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Main Road, East Hagbourne, Didcot, Oxon, OX11 9LR

Tel:  01235 813367     Email:

Description: school logo with church April 2014

‘Preparing each child for their future in an ever-changing world’



Why did you want to become a Governor?

I wasn’t sure I did want to be one! I am a parent of a child in year 1 and I have a pretty full-on job so time is tight. However I wanted to know more about how the school works and I thought I might have some relevant skills that would be useful. After a chat with the head and deputy I decided to give it a go despite being a bit worried about the time commitment.

What do you bring to your role as Governor?

I’m a scientist at the University of Oxford. That means I’m pretty good with data, planning and running projects, managing people and budgets, and I care passionately about education. I’m keen that children are encouraged to discover a love of science, to debunk some of the myths, and to empower everyone (particularly girls) to embrace technical subjects for the love of finding things out.

What was the first meeting like?

My first impression was that the committee is full of people who are just as keen as I am to make the school as good as it can be. Everyone brings something different in terms of skills/background and the atmosphere is positive and forward looking. Everyone made me feel welcome and helped me get acclimatised. A committee meeting is quite formal (there is a pre-set agenda, a chair who keeps people to time, and papers circulated ahead of the meeting) but it is also friendly and jovial. There is a lot to learn and I was pleased to hear someone say that it probably takes a year or so before a new Governor properly understands all of what’s involved, so there is plenty of time to find your feet. There is a lot of paperwork, and a lot of numbers, but it is manageable once you are given some pointers.

What have you learned about being a Governor?

I went on an induction course run by the local authority which was really good. Governors have a lot of responsibility, but it is collective rather than individual, which takes the pressure off. One of the main things I’ve learned is just how much is involved in running a school. At Hagbourne there is a full governing board plus two committees – one for ‘performance and standards’, which concentrates on educational attainment and progress; and one for ‘finance and general purpose’ which concentrates on the accounts, premises and infrastructure. The head teacher has to be expert in all of these things, and by extension the leadership team and governors have to be pretty versatile too. Governors are involved in all strategic decision making, but it is the head and staff who manage all aspects of running of the school. Governors support the leadership team, but can’t be yes-men/women – we have to question and hold the head and staff accountable. I’ve also learned that nothing stays still – there are always new government policies and initiatives that have to be followed or at least considered.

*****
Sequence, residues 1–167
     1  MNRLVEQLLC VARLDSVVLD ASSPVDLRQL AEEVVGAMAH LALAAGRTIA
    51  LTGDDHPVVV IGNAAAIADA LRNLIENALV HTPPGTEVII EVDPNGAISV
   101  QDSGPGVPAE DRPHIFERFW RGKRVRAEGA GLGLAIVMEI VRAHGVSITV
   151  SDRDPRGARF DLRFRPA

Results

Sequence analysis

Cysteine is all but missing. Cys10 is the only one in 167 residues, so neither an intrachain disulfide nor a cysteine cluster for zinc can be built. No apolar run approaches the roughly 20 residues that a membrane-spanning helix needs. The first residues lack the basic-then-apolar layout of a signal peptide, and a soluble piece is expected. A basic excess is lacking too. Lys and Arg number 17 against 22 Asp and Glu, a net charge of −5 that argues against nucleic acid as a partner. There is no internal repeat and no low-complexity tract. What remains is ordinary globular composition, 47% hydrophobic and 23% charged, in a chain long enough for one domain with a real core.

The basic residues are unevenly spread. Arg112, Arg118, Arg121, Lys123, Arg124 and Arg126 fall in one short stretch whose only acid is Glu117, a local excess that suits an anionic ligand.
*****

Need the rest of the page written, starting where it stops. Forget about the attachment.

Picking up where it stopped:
What have you learned about the school?

This is going to sound a bit creepy, but the main thing I’ve learned is that I’m very happy that my son attends this school! So far, the more I learn the more I like. I came in with some assumptions and questions: Do the bright children get stretched? Do the children with special needs get the right support? Do some children fall below the radar? What does being a church school mean? I have learned that the head and deputy work incredibly hard to balance a lot of demands and priorities. Despite the constant changes and squeezes on resources, all the staff I have met genuinely care about the wellbeing of every child. No child goes unnoticed, and the school works hard to nurture emotional wellbeing at the same time as driving educational attainment. That doesn’t mean I won’t continue to question and push though – next year I’ll be the science link governor and I’m thinking about how we sneak as much science as possible into the curriculum.

Would you recommend being a Governor?

So far definitely yes! I still have lots to learn, and there is a time commitment, but there is something very gratifying about feeling you can contribute to something as important as educating the next generation.

                        Clare Mackay/Robinson, July 2017